Rule #2: Don’t Be a Jerk

It got to the point that every time Parker saw Beau’s phone number on his cell’s call display, his gut turned over because he knew his brother was going to yell at him about something else again.

They hadn’t had a pleasant conversation in months, and Beau treated his younger brother Parker like a “rented mule.” It was always a “Henny Penny, the sky is falling” type of crisis, and the volume quickly got cranked to 10 over silly things.


It got to the point Parker was thinking of splitting the partnership with his brother and walking away from the farm, and from everything if necessary. Beau was oblivious to the sins of his behavior and thought what he was doing was normal and necessary. Beau had unrealistic expectations (you need to do the job perfectly every time) and a false sense of self-righteousness (I am smarter than you, so you need to do it my way).

The brothers had been close and always spent Parker’s birthday together at the cottage. Beau had just broken up with his long-term girlfriend and, as a surprise gift for Parker’s birthday, blew the money he had set aside for an engagement ring on a speed boat. But Parker didn’t bother to show up, making an excuse that his fiancée had arranged a surprise. Truthfully, Parker had been yelled at for four of the last seven days by his brother over stupid stuff, and the last thing he wanted to do was “spend it with that jerk.”

Their dad called me in to sort out the situation between the two brothers who, just a few years ago, were best friends. The dad had trouble farming with his own brothers a decade prior. He was really worried the boys wouldn’t be talking to each other, let alone farming together, in a few years.


I got them to read my book Bulletproof Your Farm. In the back of this book, there is an appendix with 50 simple phrases any farm can adapt as rules. I got each family member to identify five to seven phrases out of the list of 50 that best applied to their situation. We then compared each brother’s answers. It was no surprise that they had independently picked several of the same rules. From these rules they selected, we came up with a list of “10 commandments” and got them to post these commandments on their kitchen fridge and in the shop. Each week, we identified one rule they were struggling with – and then, in a non-confrontational way, we implemented practical changes of how they could better work together.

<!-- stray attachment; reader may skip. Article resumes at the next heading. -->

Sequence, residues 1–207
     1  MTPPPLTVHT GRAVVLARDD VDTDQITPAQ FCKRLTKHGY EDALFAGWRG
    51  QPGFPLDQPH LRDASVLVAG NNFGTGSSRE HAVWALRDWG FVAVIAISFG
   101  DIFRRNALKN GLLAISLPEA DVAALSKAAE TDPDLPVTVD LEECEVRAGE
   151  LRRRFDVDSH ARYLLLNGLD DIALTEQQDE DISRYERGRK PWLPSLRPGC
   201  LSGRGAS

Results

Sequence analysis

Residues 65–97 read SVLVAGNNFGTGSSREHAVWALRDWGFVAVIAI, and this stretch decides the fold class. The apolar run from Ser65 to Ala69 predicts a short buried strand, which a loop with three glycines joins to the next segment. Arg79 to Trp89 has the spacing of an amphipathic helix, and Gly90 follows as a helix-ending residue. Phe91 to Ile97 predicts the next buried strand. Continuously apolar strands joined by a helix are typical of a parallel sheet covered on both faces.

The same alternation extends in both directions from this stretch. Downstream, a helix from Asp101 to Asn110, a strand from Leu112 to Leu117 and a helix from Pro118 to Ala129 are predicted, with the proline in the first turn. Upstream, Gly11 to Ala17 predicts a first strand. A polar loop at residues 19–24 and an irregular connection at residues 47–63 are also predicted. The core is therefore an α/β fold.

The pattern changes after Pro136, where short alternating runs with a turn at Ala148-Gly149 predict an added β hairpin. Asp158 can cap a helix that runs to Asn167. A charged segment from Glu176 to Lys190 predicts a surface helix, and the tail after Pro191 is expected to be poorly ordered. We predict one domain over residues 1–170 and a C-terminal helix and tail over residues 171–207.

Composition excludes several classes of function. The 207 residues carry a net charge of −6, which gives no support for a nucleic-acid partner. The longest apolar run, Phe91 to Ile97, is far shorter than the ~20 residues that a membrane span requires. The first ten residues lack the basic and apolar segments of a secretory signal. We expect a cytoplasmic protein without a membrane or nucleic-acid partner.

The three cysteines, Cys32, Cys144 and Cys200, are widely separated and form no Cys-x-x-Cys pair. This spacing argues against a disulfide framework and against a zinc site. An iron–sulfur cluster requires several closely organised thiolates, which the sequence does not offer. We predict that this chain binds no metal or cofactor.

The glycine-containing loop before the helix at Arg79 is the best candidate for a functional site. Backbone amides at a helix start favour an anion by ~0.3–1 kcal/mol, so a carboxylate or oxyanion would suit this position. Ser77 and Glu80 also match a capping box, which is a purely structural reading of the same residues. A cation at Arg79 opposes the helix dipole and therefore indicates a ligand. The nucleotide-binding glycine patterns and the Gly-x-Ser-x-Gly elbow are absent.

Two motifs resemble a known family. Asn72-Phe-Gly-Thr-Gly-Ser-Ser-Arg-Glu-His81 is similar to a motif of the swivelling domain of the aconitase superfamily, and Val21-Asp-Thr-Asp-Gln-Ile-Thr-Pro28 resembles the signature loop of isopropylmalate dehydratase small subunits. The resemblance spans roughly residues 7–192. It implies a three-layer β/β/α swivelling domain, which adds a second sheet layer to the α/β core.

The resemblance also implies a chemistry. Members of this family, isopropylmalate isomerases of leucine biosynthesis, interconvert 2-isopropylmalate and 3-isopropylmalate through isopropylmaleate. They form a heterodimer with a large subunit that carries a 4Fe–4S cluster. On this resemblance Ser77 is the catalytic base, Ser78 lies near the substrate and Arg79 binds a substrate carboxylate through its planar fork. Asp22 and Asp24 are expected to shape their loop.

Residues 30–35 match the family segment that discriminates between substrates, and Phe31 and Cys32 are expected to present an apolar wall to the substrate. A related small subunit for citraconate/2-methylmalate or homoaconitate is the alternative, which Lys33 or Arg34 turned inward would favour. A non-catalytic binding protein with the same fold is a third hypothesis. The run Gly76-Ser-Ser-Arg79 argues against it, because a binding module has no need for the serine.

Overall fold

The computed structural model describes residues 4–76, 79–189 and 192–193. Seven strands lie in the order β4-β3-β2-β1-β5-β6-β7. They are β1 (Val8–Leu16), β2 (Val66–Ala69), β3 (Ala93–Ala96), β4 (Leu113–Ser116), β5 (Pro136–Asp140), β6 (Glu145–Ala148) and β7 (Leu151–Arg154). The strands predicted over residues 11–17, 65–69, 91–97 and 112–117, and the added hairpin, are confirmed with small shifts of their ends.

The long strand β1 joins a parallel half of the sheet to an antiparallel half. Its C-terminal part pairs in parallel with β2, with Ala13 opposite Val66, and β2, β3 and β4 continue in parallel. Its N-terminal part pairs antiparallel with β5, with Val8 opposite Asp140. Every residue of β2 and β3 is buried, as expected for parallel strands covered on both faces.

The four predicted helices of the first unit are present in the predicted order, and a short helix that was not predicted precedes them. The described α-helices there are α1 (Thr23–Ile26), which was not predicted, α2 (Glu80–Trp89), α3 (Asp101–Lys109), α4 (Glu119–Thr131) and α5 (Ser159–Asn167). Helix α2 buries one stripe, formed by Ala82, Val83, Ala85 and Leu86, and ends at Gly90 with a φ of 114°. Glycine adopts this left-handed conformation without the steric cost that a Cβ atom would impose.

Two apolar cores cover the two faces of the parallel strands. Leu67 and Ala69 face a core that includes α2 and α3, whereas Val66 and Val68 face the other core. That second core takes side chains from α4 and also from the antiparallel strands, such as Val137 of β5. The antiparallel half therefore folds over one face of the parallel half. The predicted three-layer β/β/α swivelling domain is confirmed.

After six weeks, common patterns developed, and we were able to sum up these problems in only three short rules:

1. Nobody is smarter than the other guy; we make all major decisions together.

2. Always be the partner and friend anyone would want to have.

3. Say what you’ll do and then do what you say.

It’s great to come up with 10 rules, but when you can filter it down to your three biggest it’s a game-changer. There is something about the rule of threes that causes things to stick.

Now these rules might seem simple to you, but for this farm family, this hit the nerve of their biggest weaknesses. The rule: “Always be the partner and friend anyone would want to have” was big. By constantly being jerks to one another, communication was at an all-time low, leading to a lot of decisions not being made and profit slipping through the cracks. Employee morale was extremely low, and they had a very high staff turnover, leading to very shoddy work. The place was falling apart at the seams.

In one of our first meetings, the emotions of Beau buying a boat to surprise his brother for his birthday and his brother not even showing up came up. Parker shot back, “Who wants to spend their birthday with a guy who treats me like garbage all the time?” Beau had a stunned look on his face as he digested that concept. From that moment, that rule got adapted, and it fundamentally changed not just Beau’s behavior, but everyone else’s on the farm. Both Dad and Parker recognized they had moments they struggled too and worked to fix their weaknesses.